Millions of Southland residents took part in a wide- scale annual earthquake-preparedness drill Thursday, following the standard directive to “drop, cover and hold on” for the “Great California ShakeOut.”
Mayor Eric Garcetti was among those taking part in the drill, crawling under a desk with KNX Newsradio anchor Charles Feldman while taking part in the station’s “Ask the Mayor” segment.
“Funny seeing you down here,” Feldman told the mayor as the pair crawled under a desk at the station. Garcetti and Feldman shared a laugh as they crouched under the desk and discussed the need for residents to be prepared for a major shaker.
“People get complacent, they think, ‘Oh I know what to do in an earthquake,’ and they don’t,” Garcetti told Feldman while under the table. “There’s a lot of myths out there. For instance, stand in the doorway. Don’t do that. Folks that are right now at work, get your colleagues, get under a desk, cover your head and hold onto something like the leg of a table, and be ready, because things that are falling can kill you.”
According to the U.S. Geological Survey, more than 40 million people from 60 countries around the world registered to take part in today’s earthquake drills.
In Los Angeles County, nearly 3.5 million people registered to take part in the “ShakeOut.” About 10.4 million people registered to take part in the drill statewide, including nearly 1 million in Orange County, according to ShakeOut.org.
At 10:15 a.m., participants were instructed to “drop” to the ground, take “cover” under a desk, table or other sturdy surface and “hold on” for 60 seconds, as if a major earthquake were occurring.
Participants were also asked to look around during the drill and envision what might be occurring in an actual quake — what objects might be falling, what damage could be occurring and will there be a way to escape the area afterward.
U.S. Geological Survey officials said that people who are outdoors during a quake should move to a “clear and open” area, avoiding power lines, trees, signs, buildings and other items that can fall. Motorists should pull to the side of the road and set the parking brake — but not beneath bridges, power lines or traffic signs.
“All Californians know that we live in earthquake country, but many of us have not experienced a damaging earthquake, such as young people or those that have moved to the region in recent years,” according to ShakeOut.org. “Understanding the risks and preparing to survive and recover can help keep your family safe.”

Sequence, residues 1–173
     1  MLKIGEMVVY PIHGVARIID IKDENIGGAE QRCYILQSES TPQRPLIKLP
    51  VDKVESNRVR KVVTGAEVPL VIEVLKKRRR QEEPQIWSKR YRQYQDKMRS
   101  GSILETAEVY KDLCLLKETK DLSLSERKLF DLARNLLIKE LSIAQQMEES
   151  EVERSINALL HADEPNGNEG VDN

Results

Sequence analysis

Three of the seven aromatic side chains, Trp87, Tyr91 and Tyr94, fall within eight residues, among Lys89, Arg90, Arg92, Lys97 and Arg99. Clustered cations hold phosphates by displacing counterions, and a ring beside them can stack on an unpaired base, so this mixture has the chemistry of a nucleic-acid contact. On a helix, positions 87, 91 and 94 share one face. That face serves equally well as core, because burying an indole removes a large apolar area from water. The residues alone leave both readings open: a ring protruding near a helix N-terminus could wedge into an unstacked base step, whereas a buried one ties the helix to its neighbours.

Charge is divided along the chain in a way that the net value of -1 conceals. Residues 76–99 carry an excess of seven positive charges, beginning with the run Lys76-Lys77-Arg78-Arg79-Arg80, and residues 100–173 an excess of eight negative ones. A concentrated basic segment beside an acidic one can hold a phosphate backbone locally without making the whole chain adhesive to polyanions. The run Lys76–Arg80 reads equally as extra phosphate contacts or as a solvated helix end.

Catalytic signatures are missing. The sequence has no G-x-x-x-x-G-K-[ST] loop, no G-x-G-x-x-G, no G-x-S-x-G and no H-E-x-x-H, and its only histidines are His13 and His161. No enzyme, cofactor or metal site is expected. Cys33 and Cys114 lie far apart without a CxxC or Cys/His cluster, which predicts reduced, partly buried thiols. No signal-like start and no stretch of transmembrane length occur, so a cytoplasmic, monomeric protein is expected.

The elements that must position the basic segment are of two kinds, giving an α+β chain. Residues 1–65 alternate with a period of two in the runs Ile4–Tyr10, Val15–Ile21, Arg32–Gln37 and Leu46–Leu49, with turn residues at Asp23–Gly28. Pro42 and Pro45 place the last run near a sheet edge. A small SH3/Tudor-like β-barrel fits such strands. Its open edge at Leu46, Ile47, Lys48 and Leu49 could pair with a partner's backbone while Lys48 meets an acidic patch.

The website also notes that while the San Andreas fault could trigger large-scale earthquakes, up to magnitude-8, “there are over 100 other active faults in the region that can produce smaller earthquakes like the 1995 Northridge earthquake. If you live in Southern California, one of more of these faults is probably near you.”
According to the U.S. Geological Survey, some 2,000 people would die, tens of thousands would be injured and more than $200 billion in damage would result from a magnitude-7.8 or larger quake, which would have 50 times the intensity of the Jan. 17, 1994, Northridge earthquake.
Hundreds of aftershocks would follow, a few of them nearly as big as the original event, according to the USGS.
Californians should be prepared to be self-sufficient for 72 hours following an earthquake or other major disaster, officials say. That includes having a first-aid kit, medications, food and enough water for each member of a household to drink one gallon per day for at least 72 hours, according to local and state officials.
Homeowners and renters should also know how to turn off the gas in their house or apartment in case of leaks.
Government workers and students were also among those taking part in the drill.
Garcetti on Friday signed into law the nation’s strongest earthquake safety rules, under which property owners in Los Angeles will be required to make seismic retrofits on more than 10,000 older buildings considered vulnerable during major shakers.
The requirement affects as many as 13,500 wood-framed, “soft-story” buildings with weak lower floors, such as multi-story apartments with tuck- under parking spaces, and an estimated 1,500 brittle concrete buildings.
Soft-story building owners will have up to seven years to comply with the mandate after being issued retrofit orders from the city, while owners of the concrete buildings will have up to 25 years.
The mandate targets buildings that were constructed prior to the enactment of seismic building standards, which include pre-1978 soft-story buildings and concrete buildings with permits dating back to before Jan. 13, 1977.
Garcetti told KNX during the “Ask the Mayor” segment that the retrofit law was developed in conjunction with building owners.
“Overwhelmingly, the associations and the folks who own buildings know that this is good, this is better than losing their building and killing people who either live or work in their buildings,” he told the station. “… The buildings that we saw collapse in 1994, those kind of ‘soft-story’ apartments have to be retrofitted in the next seven years, so you have a year to assess, a year to take out the permits and five years to build. And that cost actually isn’t too much. It’ll be probably something shared from the landlord and from the tenants.”
He said the city is exploring a variety of tax credits or refunds to help share the costs of retrofitting.
“This is something I wasn’t willing to keep my head in the sand, or under the table,” he joked.
—City News Service